Published on November 13, 2014 by Fred Zaspel

unknown, 2013 | 233 pages

About the Editor

Alan P. Stanley is Lecturer in Biblical Studies at Brisbane School of Theology, Brisbane Australia. He has published two books on the subject of salvation, faith, and works.


This addition to the Counterpoints series considers the relationship between faith and works at the final judgment. The New Testament teaches that believers are justified by grace through faith, but also that believers are judged by their works. These twin teachings have generated different theological syntheses, and resulted in significant debates. In this book representatives from four perspectives present an essay arguing for their personal view, and also respond to the essays of their fellow contributors.

Robert Wilkin represents the perspective of the Grace Evangelical Society, and argues that good works are not necessary for eternal life. When believers are judged on the basis of their works, it is for rewards: their eternal destiny is sealed the moment they profess faith in Christ.

Thomas Schreiner argues from a Calvinistic perspective that believers are justified by faith alone, but saving faith is always accompanied by good works. As a result, the presence of works is evidence of the presence of saving faith. Where there are no works, there is no faith.

James Dunn approaches the issue from the broad framework of covenantal nomism, but also with an eye to the diversity of New Testament data that informs the topic. He argues that Paul has different emphases in different contexts, but Paul never offers a systematic harmonization. We need to hold to a united theology that does not clip the real diversity of the texts.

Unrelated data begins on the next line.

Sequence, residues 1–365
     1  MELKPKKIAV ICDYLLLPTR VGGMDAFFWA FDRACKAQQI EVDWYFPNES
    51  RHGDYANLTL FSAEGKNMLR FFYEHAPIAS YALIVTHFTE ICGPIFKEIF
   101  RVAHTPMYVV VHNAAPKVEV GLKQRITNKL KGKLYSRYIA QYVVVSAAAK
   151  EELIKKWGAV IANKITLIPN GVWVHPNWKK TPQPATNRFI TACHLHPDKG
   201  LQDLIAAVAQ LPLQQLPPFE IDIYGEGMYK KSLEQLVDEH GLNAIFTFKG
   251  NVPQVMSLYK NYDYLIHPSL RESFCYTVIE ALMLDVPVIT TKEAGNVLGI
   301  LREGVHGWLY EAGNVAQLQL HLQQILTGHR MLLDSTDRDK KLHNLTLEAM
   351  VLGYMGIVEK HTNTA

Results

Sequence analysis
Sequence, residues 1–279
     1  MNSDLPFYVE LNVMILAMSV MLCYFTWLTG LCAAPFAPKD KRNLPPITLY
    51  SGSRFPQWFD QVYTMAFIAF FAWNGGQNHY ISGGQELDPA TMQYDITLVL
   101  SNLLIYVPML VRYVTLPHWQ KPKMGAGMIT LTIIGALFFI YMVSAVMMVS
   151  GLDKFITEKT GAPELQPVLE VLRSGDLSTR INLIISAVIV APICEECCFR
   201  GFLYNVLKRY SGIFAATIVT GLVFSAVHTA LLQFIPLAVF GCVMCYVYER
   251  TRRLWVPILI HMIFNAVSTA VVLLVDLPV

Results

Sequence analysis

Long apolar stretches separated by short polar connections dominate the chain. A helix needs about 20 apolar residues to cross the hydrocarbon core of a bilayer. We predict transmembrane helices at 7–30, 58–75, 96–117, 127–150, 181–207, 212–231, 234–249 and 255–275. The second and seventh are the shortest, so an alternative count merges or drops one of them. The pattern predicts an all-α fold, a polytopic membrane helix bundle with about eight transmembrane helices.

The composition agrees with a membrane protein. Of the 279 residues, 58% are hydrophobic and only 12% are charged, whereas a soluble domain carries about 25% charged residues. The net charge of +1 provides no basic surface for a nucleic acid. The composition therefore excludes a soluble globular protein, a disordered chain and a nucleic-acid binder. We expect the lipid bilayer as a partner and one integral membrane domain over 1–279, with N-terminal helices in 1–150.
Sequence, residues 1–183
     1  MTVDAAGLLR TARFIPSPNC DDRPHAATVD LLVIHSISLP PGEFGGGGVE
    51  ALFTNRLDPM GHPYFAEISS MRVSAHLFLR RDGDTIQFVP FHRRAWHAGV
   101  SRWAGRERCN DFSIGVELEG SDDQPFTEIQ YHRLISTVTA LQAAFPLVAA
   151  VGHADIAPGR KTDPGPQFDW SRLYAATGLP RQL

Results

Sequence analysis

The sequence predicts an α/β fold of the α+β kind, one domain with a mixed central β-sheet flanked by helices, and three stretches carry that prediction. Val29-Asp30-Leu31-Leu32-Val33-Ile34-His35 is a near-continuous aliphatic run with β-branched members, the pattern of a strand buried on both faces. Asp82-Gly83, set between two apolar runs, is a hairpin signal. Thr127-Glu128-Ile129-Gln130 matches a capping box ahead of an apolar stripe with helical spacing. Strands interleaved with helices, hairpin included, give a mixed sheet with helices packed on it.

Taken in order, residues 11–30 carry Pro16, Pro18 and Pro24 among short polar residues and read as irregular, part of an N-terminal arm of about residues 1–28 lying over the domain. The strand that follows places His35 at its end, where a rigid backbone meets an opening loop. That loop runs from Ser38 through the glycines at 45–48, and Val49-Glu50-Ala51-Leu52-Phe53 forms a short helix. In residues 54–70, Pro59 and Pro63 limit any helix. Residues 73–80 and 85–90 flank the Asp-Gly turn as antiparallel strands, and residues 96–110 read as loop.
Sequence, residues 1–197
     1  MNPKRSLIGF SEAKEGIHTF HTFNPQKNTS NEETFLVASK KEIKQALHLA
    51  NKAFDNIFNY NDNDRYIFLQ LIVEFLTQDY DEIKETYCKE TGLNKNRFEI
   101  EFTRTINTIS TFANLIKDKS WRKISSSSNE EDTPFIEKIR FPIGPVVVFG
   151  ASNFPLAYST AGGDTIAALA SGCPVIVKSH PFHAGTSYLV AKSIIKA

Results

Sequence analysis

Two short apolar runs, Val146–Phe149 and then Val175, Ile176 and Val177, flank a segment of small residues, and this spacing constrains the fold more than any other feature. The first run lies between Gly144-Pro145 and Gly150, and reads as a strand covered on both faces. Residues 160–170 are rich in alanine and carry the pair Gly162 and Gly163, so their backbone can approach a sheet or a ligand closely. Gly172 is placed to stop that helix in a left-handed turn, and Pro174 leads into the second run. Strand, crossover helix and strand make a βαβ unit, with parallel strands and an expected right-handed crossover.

Michael Barber argues from Catholic theology that all human works are owing to the grace of God, but by virtue of union with Christ, God does the impossible and makes our works meritorious. He insists that Catholicism does not teach works-righteousness, but actually has the highest view of the role of God’s grace in our salvation and works. 

Table of Contents

     (Alan P. Stanley)
Chapter 1
Christians Will be Judged According to Their Works at the Rewards Judgment, But Not at the Final Judgment
     (Robert N. Wilkin)
Chapter 2
Justification Apart From and by Works: At the Final Judgment Works Will Confirm Justification
     (Thomas R. Schreiner)
Chapter 3
If Paul Could Believe Both in Justification by Faith and Judgment According to Works, Why Should that be a Problem for Us?
     (James D. G. Dunn)
Chapter 4
A Catholic Perspective: Our Works are Meritorious because of our Union with Christ by Grace
     (Michael P. Barber)
The Puzzle of Salvation by Grace and Judgment by Works
     (Alan P Stanley)
Scripture Index
Subject Index

Book Summary

Chapter 1
Christians Will be Judged According to Their Works at the Rewards Judgment, But Not at the Final Judgment

(Robert N. Wilkin)

The witness of the New Testament is that salvation is entirely by the grace of God. There are no conditions attached to receiving eternal life by faith. Works are not necessary for salvation. The Gospel of John – the NT book that is explicitly written with evangelistic intent – clearly says that everyone who believes has eternal life: there are no conditions attached for good works or perseverance. When believers are judged for their works it has nothing to do with their eternal destiny.

Judgment for works is exclusively about

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Four Views On The Role Of Works At The Final Judgment

unknown, 2013 | 233 pages

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